(emphasis added). Thus, because Kronman has no individual rights under section 3(e) of the Settlement Agreement, he has no standing to sue in his individual capacity for specific performance based on Handelsman’s alleged violation of that section. See generally Warth v. Seldin, 422 U.S. 490, 500-01 (1975) (explaining that the existence of a legal right held by the plaintiff is a predicate for standing). Second, the district court also erred insofar as it treated the limited partners (represented by Kronman as Partner Representative) as dispensable parties to the litigation. In this regard, we are not persuaded as a matter of law that Kronman in his individual capacity could act as a surrogate for the limited partners’ interests. Under New York law, “a partnership cause of action belongs only to the partnership itself or the partners jointly, and [] an individual member of the partnership may only sue and recover on a partnership obligation on the partnership’s behalf.” Gmerek v. Scrivner, Inc., 634 N.Y.S.2d 299, 299 (4th Dep’t 1995) (citing Stevens v. St. Joseph’s Hosp., 381 N.Y.S.2d 927, 928 (4th Dep’t 1976)); see also D’Ippolito v. Cities Serv. Co., 374 F.2d 643, 647 (2d Cir. 1967) (“[A] partner may still sue on ‘a debt due the partnership’ but ‘must bring the action on behalf of and for the benefit of the partnership and may not recover on such an obligation individually.”) (citing Kirschbaum v. Merchants Bank, 71 N.Y.S.2d 79, 80 (1st Dep’t 1947)); Poley v. Sony Music Entertainment, Inc., 636 N.Y.S.2d 10, 10 (1st Dep’t 1995) (holding that a partner lacked standing to prosecute claim for breach of contract in his individual capacity); Shea v. Hambro Am. Inc., 606 N.Y.S.2d 198,199 (1st Dep’t 1994) (holding that a partner lacked standing to bring individual claims to recover debts allegedly owed to partnership). Thus, the distinction between a suit by Kronman as Partner Representative and a suit by Kronman in his individual capacity is not merely semantic, but substantive. Cf. Squibb, 160 F.3d at 937 n.26 (“The distinction between a suit against a representative and a suit against an individual-a judgment for or against whom binds others by contract-is not merely formal.”). Finally, the district court’s finding that “[t]he limited partners will not be prejudiced since they…have already been paid their share of the sales price,” did not reflect the basic nature of the transaction contemplated in section 3(e) of the Settlement Agreement and the February Contract. The limited partners sought to pay Handelsman-not the other way around-in order to buy out his interest in the subject property held by Bedford Partnership. Because the judgment in this case would necessarily determine whether or not the limited partners must pay money to Handelsman, and because the limited partners’ interests may not necessarily coincide with Kronman’s individual interests, we cannot agree that the limited partners (i.e., Kronman in his capacity as Partner Representative) are dispensable parties under Rule 19(b). See generally Fed. R. Civ. P. 19(b) (explaining that a party’s dispensability depends on whether, “in equity and good conscience,” the action should proceed in the party’s absence). Of course, if Kronman were to remain a party in his capacity as Partner Representative, he would be deemed a citizen of Florida, and would be nondiverse vis-a-vis Handelsman, who is also a citizen of Florida. See Squibb, 160 F.3d at 931; Northern Trust, 899 F.2d at 594. Kronman’s presence in the lawsuit as Partner Representative would therefore destroy diversity and deprive the district court of subject matter jurisdiction. See Wisconsin Dep’t of Corrections, 524 U.S. at 388 (stating that diversity jurisdiction is lacking unless “there is no plaintiff and no defendant who are citizens of the same State”); Squibb, 160 F.3d at 930. In light of these facts, we conclude that the dropping or adding of parties to this lawsuit would be futile because (1) Kronman (in his individual capacity) would not have standing to file the necessary claims against Handelsman; and (2) although Kronman (in his capacity as Partner Representative) would have standing to bring the claims necessary to support the judgment, his presence in a representative capacity would destroy diversity jurisdiction. In essence, no party can have standing as a defendant-counterclaim-plaintiff in this case without also destroying the district court’s diversity jurisdiction. CONCLUSION For the foregoing reasons, we hold that the district court lacked subject matter jurisdiction in this case. We therefore vacate the district court’s judgment and post-judgment order and remand to the district court with instructions to remand the case to the New York State Supreme Court, New York County. :::FOOTNOTES::: FN* The Honorable David N. Hurd, of the United States District Court for the Northern District of New York, sitting by designation. FN1 At that time, Handelsman erroneously believed that Bedford LLC was the owner of the disputed property when, in fact, Bedford Partnership was the owner. FN2 Because Kronman was a citizen of New York, he was not entitled to remove to federal court. See 28 U.S.C. � 1441(b) (“Any other such action shall be removable only if none of the parties in interest properly joined and served as defendants is a citizen of the State in which such action is brought.”). Handelsman waived his right to object to this procedural defect, however, by failing to raise the objection within 30 days of removal. See Hamilton v. Aetna Life & Cas. Co., 5 F.3d 642, 643 (2d Cir. 1993) (explaining that, under 28 U.S.C. � 1447(c), “all motions for remand-except those based on lack of subject matter jurisdiction-must be made within 30 days after removal or they are waived”). FN3 Fed. R. Civ. P. 19(b) provides that, where a necessary party cannot be made a party to a lawsuit, “the court shall determine whether in equity and good conscience the action should proceed among the parties before it, or should be dismissed, the absent person being thus regarded as indispensable.” FN4 While we recognize that Kronman signed the Settlement Agreement both “individually and as Partner Representative,” we express no opinion here as to whether other provisions of the Settlement Agreement may endow Kronman with individual rights.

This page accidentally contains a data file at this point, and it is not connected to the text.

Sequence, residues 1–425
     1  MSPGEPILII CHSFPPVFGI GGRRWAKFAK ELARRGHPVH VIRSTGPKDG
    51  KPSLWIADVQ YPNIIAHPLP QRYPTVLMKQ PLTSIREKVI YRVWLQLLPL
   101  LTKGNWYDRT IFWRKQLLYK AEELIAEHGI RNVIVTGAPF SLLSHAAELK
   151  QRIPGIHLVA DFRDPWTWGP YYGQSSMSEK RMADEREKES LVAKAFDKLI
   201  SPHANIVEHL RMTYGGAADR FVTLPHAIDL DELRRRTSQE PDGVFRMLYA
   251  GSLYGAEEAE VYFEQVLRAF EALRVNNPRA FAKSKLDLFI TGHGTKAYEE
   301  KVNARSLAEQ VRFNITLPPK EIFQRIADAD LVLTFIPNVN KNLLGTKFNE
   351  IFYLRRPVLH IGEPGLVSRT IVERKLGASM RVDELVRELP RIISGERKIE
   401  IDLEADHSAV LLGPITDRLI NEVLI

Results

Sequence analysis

Handelsman v. Bedford Village Assocs. Ltd. Partnership UNITED STATES COURT OF APPEALSFOR THE SECOND CIRCUIT August Term, 1999 (Argued: February 24, 2000 Decided: May 17, 2000) Docket Nos. 98-9434(L), 99-7948(CON) BURTON HANDELSMAN and VILLAGE GREEN ASSOCIATES LIMITED LIABILITY COMPANY, Plaintiffs-Appellants, v. BEDFORD VILLAGE ASSOCIATES LIMITED PARTNERSHIP, BEDFORD VILLAGE ASSOCIATES LIMITED LIABILITY COMPANY, and MARK J. KRONMAN, Defendants-Appellees. Before: STRAUB and SOTOMAYOR, Circuit Judges, and HURD, [FOOTNOTE *] District Judge. Appeal from a judgment of the United States District Court for the Southern District of New York (John S. Martin, Jr., Judge) dismissing plaintiffs’ complaint and finding for defendants on their counterclaims, and from a post-judgment order dismissing all parties except plaintiff Handelsman and defendant Kronman in their individual capacities. We conclude that the district court lacked diversity jurisdiction in this case and that such jurisdiction is not salvageable. Vacated and remanded. AMOS ALTER, Parker Chapin Flattau & Klimpl, LLP, New York, NY, for plaintiffs-appellants. RICHARD M. RESNICK, Mandel & Resnick PC, New York, NY (Edward M. Shapiro and Richard M. Garbarini, on the brief), for defendants-appellees.